UN refugee chief finds Somalia suffering from instability and drought, but sees hope

KISMAYO – On a visit to the recovering southern port city of Kismayo, the UN High Commissioner for Refugees, Filippo Grandi, pledged to continue investing in housing, education and livelihoods for returning refugees, IDPs and the local population.
“We see refugees … as an asset into which we need to invest.” “Refugees should be a force to rebuild the country when they decide to come back,” Grandi said, noting that UNHCR, the UN Refugee Agency, assisted over 100,000 to return over the past two years, while over one million remain in exile.
“We see refugees not as a humanitarian problem, but as an asset into which we need to invest,” he added.
In a meeting with the President of the State of Jubaland, Ahmed Mohamed Islam, the President spoke of the need for refugees who were educated and trained to come to Kismayo to contribute.
While some 19,000 refugees in the Dadaab refugee camp are currently in the pipeline for voluntary return, most Somali refugees cite security concerns as their top reason to remain in Kenya.
The UNHCR and Mercy Corps project is designed to provide returning refugees, but also a percentage of people who had been internally displaced as well as people from the local community, with a decent living environment so they can focus on educating their children and pursuing work.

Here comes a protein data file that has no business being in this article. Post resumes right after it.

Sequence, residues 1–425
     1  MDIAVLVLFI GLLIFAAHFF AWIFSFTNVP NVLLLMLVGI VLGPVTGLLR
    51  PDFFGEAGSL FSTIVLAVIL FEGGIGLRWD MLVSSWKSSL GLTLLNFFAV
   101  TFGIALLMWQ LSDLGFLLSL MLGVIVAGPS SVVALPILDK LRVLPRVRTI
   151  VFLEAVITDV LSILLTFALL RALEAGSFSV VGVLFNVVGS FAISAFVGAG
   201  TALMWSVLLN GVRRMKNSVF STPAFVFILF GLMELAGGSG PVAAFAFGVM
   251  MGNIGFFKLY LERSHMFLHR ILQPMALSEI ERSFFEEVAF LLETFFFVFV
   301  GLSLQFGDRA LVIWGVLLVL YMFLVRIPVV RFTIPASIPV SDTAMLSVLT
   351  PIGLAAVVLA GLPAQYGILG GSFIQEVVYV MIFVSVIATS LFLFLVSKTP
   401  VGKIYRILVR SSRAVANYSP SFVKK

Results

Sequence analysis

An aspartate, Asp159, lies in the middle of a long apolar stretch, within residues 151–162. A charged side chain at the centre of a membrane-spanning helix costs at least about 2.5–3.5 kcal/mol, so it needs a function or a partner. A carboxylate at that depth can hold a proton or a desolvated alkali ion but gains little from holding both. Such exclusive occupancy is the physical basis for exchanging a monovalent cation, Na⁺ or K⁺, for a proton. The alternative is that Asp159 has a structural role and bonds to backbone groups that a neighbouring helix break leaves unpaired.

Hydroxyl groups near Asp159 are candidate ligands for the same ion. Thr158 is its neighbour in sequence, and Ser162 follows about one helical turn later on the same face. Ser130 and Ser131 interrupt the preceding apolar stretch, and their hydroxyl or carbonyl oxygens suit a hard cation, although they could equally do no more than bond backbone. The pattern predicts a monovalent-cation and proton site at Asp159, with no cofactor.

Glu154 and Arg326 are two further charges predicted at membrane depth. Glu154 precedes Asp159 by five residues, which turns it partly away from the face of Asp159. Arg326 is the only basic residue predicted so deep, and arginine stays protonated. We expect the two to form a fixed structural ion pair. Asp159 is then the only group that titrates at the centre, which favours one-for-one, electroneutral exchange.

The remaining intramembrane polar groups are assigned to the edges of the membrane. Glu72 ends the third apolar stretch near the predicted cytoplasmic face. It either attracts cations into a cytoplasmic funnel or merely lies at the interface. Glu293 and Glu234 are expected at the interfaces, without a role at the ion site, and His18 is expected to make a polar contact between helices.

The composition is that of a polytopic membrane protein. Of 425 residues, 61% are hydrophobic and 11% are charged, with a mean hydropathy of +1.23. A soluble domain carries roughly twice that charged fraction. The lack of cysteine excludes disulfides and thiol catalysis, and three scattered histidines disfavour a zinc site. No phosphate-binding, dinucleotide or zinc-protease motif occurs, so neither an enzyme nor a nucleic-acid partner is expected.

What a great result to see young people go from being refugee to being back in their country, contributing to their country.” But the refugees are returning to a country with massive challenges.
Given the country’s current struggles, Somalia’s Federal President, Mohamed Farmajo, told Grandi at a meeting on Saturday in Mogadishu, “We want our people back.
“The best response to violence is education so what can be better that building a school,” Grandi said.
In his meetings with the Somalia leadership, Grandi recalled UNHCR’s work with Somali refugees since the start of the conflict in 1991.

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